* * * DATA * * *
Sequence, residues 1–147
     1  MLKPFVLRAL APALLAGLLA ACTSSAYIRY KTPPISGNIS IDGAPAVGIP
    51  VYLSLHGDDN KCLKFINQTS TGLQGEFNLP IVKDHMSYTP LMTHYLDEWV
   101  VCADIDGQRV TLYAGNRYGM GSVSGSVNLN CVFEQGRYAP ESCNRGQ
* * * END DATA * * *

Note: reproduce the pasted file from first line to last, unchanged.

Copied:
Sequence, residues 1–147
     1  MLKPFVLRAL APALLAGLLA ACTSSAYIRY KTPPISGNIS IDGAPAVGIP
    51  VYLSLHGDDN KCLKFINQTS TGLQGEFNLP IVKDHMSYTP LMTHYLDEWV
   101  VCADIDGQRV TLYAGNRYGM GSVSGSVNLN CVFEQGRYAP ESCNRGQ